“in wildness is the preservation of the world.” –Henry David Thoreau
The spiral has been a popular motif in the arts for centuries but it resurges today as a result of a renewed awe of nature. The areas of fine art, industrial design, and architecture provide strong examples of this trend. A good jumping off point is Santiago Calatrava’s 54-story Turning Torso building erected in Malmø, Sweden. The message implicit in the form is of an architecture grounded in nature. The curves imply improvisation and an organic kind of growth, like that of a vine. These forms contrast sharply with the modern, rectilinear box and repeating grid that dominated architecture for decades. In addition, the spiral offers an orderly and more humanly shaped alternative to the amorphous, postmodern blob made possible by advancing technology. I think this change in form and the attraction to it arrives today due to the development of a new, deeper appreciation of the wisdom of nature and anxiety about the looming climate crisis. Of course, new curvy buildings do absolutely nothing to help us but, like a diet coke ordered with a cheeseburger, they can satisfy the subtle urge to act responsibly.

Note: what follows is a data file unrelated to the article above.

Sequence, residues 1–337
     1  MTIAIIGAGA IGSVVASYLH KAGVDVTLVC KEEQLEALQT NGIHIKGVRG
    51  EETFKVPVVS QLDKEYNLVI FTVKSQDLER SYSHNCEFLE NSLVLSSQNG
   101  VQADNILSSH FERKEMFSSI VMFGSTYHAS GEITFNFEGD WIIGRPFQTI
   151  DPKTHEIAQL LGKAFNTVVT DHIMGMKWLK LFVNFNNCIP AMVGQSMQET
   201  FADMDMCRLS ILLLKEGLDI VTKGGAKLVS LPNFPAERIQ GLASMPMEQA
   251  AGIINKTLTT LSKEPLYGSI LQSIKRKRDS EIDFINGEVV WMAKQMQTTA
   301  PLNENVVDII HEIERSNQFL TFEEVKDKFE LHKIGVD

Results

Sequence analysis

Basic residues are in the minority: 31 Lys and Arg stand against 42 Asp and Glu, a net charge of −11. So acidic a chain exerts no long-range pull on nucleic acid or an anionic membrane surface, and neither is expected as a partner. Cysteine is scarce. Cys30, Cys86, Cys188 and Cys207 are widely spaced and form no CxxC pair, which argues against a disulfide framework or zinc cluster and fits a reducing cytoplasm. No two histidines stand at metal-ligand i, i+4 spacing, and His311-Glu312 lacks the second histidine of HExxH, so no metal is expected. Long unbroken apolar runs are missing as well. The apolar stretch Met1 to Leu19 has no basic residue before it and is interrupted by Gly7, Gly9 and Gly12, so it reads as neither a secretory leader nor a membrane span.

Spirals are at once mysterious and chaotic. Although they appear often in nature as sea shells, whirlpools, and pinecones, and despite the fact that math has been able to describe them accurately since the 13th century, spirals remain outside our complete understanding. Their form, although familiar neither begins nor ends, leaving us to ponder infinity. Their popularity may signal a new, fatalistic coloring of our consciousness, but I believe the underlying reason for the appeal of spirals today is our desire to be in greater harmony with spaceship earth.